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Restful API

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Create, read, update and delete. Another variation of CRUD is BREAD, an acronym for "Browse, Read, Edit, Add, Delete".

Create, read, update and delete

HTTP/2 technology demo. JSON-LD. JSON-LD, or JavaScript Object Notation for Linked Data, is a method of transporting Linked Data using JSON.


It was a goal to require as little effort as possible from developers to transform their existing JSON to JSON-LD.[1] This allows data to be serialized in a way that is similar to traditional JSON.[2] It is a World Wide Web Consortium Recommendation that has been developed by the JSON for Linking Data Community Group before it has been transferred to the RDF Working Group[3] for review, improvement, and standardization.[4] Example[edit] By having all data semantically annotated as in the example, an RDF processor can identify that the document contains information about a person (@type) and if the processor understands the FOAF vocabulary it can determine which properties specify the person’s name and homepage.

Apiary — Home. Building Next-Generation Web APIs with JSON-LD and Hydra. The HTTP OPTIONS method and potential for self-describing RESTful APIs. The OPTIONS method is a somewhat obscure part of the HTTP standard that could be used today with a strong impact on the interconnectedness of the interwebs while requiring minimal effort.

The HTTP OPTIONS method and potential for self-describing RESTful APIs

It's role is well defined in RFC2616, yet no web services that I can find are taking advantage of it. To quote the spec: This method allows the client to determine the options and/or requirements associated with a resource, or the capabilities of a server, without implying a resource action or initiating a resource retrieval. Hypertext Application Language. Hypertext Application Language (HAL) is an Internet Draft (a "work in progress") standard convention for defining hypermedia such as links to external resources within JSON or XML code.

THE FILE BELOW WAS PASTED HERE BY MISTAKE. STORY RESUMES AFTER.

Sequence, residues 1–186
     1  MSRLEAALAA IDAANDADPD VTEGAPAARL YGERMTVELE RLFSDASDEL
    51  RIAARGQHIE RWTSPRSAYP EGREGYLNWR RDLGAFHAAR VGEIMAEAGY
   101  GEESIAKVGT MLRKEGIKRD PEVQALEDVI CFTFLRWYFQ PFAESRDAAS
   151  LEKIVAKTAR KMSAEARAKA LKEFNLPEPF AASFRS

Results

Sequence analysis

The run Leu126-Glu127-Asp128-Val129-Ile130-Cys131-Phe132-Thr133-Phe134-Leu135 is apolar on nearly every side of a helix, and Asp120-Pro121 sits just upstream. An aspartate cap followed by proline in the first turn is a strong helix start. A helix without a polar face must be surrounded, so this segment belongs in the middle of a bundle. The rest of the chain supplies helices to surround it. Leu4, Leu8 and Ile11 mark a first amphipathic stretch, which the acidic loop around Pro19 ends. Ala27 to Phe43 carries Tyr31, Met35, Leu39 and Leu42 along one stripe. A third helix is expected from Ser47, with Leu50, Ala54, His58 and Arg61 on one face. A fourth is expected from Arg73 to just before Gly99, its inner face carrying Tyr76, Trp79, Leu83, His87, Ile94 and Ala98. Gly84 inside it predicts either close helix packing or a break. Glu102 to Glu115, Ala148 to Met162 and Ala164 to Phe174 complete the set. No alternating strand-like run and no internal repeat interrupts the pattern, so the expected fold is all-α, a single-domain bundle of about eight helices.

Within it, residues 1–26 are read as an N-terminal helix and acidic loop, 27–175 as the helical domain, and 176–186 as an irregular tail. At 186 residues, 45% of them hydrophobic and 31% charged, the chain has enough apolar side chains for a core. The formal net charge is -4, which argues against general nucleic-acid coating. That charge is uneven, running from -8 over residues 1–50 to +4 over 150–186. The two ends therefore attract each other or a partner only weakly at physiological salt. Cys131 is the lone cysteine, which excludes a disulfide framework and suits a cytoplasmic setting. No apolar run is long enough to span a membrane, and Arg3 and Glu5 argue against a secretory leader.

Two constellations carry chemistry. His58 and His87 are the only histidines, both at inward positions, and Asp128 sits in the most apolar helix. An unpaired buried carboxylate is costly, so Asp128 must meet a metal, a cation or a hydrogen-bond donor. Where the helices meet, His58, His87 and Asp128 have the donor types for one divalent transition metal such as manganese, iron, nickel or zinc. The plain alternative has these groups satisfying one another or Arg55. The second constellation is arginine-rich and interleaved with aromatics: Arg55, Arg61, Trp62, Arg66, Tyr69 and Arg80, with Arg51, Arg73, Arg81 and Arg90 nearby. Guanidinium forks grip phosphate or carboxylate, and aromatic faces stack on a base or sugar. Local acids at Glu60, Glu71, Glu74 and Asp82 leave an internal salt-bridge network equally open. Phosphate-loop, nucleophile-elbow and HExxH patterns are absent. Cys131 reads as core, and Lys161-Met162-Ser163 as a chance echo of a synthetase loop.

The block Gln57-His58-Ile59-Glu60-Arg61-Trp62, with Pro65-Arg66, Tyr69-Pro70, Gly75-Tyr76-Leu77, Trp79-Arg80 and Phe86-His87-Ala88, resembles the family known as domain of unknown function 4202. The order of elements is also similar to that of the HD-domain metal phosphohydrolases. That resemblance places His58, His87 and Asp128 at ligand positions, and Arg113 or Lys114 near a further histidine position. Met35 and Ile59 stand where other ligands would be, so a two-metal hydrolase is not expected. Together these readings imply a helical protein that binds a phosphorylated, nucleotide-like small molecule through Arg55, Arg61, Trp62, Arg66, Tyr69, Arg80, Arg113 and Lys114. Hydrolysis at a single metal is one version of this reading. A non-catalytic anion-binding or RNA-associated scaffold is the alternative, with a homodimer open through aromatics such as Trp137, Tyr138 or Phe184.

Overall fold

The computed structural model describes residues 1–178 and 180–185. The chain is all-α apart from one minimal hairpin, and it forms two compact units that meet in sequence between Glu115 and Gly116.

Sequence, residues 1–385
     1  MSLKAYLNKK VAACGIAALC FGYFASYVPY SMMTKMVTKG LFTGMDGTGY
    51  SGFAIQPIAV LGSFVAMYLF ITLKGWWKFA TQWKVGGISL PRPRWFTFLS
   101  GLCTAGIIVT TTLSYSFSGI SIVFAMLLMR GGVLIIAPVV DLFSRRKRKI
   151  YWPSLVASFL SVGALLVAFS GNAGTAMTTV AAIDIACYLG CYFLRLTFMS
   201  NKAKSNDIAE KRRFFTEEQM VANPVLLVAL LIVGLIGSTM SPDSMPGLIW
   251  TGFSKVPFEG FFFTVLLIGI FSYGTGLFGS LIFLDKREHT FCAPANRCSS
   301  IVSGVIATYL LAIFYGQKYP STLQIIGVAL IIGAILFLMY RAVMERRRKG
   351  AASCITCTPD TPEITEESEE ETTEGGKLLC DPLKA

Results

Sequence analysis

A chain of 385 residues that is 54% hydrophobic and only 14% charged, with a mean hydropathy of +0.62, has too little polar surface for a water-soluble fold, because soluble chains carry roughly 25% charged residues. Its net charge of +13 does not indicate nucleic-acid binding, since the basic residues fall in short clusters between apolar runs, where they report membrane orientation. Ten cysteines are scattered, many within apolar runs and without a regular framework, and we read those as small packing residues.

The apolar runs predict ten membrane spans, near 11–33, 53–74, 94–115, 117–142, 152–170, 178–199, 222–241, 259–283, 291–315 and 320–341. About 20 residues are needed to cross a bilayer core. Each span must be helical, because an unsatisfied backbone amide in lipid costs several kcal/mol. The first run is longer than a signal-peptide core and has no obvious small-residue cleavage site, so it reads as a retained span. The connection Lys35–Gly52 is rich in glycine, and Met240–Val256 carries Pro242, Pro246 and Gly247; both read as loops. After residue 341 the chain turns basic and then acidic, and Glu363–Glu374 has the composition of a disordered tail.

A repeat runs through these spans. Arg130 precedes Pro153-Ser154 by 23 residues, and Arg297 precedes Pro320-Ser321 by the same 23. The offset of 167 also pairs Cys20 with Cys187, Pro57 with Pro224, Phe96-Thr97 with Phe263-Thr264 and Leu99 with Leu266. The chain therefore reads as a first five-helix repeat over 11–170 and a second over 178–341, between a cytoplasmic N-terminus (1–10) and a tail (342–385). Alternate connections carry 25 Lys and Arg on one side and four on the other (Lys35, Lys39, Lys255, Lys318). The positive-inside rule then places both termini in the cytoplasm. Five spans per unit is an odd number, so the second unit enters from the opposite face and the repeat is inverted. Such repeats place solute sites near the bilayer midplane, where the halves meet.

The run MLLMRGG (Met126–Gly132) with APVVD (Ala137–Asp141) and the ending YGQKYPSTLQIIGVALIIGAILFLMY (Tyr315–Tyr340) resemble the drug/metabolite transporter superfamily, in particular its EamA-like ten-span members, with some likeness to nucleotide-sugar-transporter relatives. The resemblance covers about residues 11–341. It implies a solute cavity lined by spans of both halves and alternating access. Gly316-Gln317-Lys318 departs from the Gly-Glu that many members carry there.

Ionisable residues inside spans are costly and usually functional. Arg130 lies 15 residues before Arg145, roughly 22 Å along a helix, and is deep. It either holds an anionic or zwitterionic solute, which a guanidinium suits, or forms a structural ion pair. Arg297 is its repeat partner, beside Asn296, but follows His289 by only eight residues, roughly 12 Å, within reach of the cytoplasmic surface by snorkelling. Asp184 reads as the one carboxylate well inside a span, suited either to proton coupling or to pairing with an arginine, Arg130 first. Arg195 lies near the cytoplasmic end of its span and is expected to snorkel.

Hypertext Application Language

The standard was initially proposed on June 2012 specifically for use with JSON[1] and has since become available in two variations, each specific to JSON or XML. The two associated MIME types are media type: application/hal+xml and media type: application/hal+json.[2] HAL was created to be simple to use and easily applicable across different domains by avoiding the need to impose any requirements on how the project be structured. Maintaining this minimal impact approach, HAL has enabled developers to create general-purpose libraries which can be easily incorporated on any API that uses HAL.[1] APIs that adopt HAL are generally more appealing to developers[neutrality is disputed] because it simplifies the use of open source libraries and makes it possible to interact with the API using JSON or XML.

HATEOAS. The HATEOAS constraint decouples client and server in a way that allows the server functionality to evolve independently.